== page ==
Plants for flying insects
‘Summer in September’ lasted all of two weeks, but it’s been a great start to autumn, especially after the cool, wet summer we have experienced this year. The warmth of the past few weeks brought the garden to life with the welcome appearance of bees, butterflies and a myriad of other flying creatures.
One evening Ric and I were sitting with a ritual glass of wine looking at a patch of border that consisted of Persicaria amplicaulis ‘Jo & Guido’, Origanum ‘Herrenhausen’, Phlox paniculata ‘Luc’s Lilac’ and Sedum ‘Abbey Dore’. It was alive with the busy buzzing of at least a 200 little flying creatures. When I looked more closely it was interesting to see what they were feeding on. It was generally plants with little flowers, which if you think about it makes sense when you realise how many flowers there on a slender spike of persicarias or cluster of Origanum flowers. It was also interesting to see that certain insects went to certain plants.
Bumblebees are some of the most delightful flying visitors to our garden. We have a number of different types, which include ones banded with white, with red bottoms and the ‘normal’ yellow ones. Bumblebees being heavy insects, seemed to prefer plants with sturdier flowers such as Origanum and ones with landing platforms like Scabiosa (Scabious) and Helenium (Sneezeweed).
On the other hand bees, which also come in different colours, are slight enough to find food in most plants, ranging from the hooded flowers of Aconitum (Monks hood) to the delicate upright spires of Persicaria (Bistort) and Salvia (Hardy Sages). Early in the year they are particularly attracted to Centaurea (Perennial cornflower), which starts flowering in May and continues on and off throughout the summer, especially when regularly cut back.
I love butterflies, they are so graceful and amongst the most frequently seen in the garden this year are Tortoiseshell and Peacock butterflies with the occasional Comma or Red Admiral. They feed on the same plants as bees and bumblebees, but they also gravitate to plants with large flowers that face upwards such as Echinacea (Conflower), Aster, Helenium (Sneezeweed) and Scabious. I’ve also found that late flowering plants with flat heads of small flowers such as Achillea (Yarrow), Verbena, Sedum (Ice plant) and Eupatorium (Joe Pye Weed) are attractive to them, providing butterflies with much required late food.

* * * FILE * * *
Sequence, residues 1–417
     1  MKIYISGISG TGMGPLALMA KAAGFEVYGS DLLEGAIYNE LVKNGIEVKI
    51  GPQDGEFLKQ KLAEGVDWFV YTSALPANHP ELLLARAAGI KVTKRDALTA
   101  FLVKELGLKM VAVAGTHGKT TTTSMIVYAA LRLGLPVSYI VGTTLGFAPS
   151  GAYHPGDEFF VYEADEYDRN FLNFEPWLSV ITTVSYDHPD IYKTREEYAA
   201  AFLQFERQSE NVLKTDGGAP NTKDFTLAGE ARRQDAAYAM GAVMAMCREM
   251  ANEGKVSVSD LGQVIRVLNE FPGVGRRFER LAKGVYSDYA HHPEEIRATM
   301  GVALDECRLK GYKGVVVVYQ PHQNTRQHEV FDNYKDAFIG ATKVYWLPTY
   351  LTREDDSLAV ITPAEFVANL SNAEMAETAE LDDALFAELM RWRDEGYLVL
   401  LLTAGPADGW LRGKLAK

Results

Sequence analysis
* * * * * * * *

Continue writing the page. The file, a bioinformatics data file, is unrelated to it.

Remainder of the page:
We must not forget the other flying creatures such as hoverflies of which there are many different types. These very useful flying insects (some types very generously eat aphids) have their favourites plants too. These including the soft yellow Scabiosa ochroleuca, scabious like Succisa pratensis (Devil’s bit scabious) and asters.
Here is a list of some plants that attract flying insects:
Achillea - Aster - Astrantia - Calamintha - Centranthus - Centaurea
Echinacea - Echinops - Eryngium - Eupatorium - Helenium - Monarda
Nepeta - Origanum - Persicaria - Pulmonaria - Salvia - Scabiosa
Stachys - Succisa - Symphytum - Verbena - Veronicas - Veronicastrums
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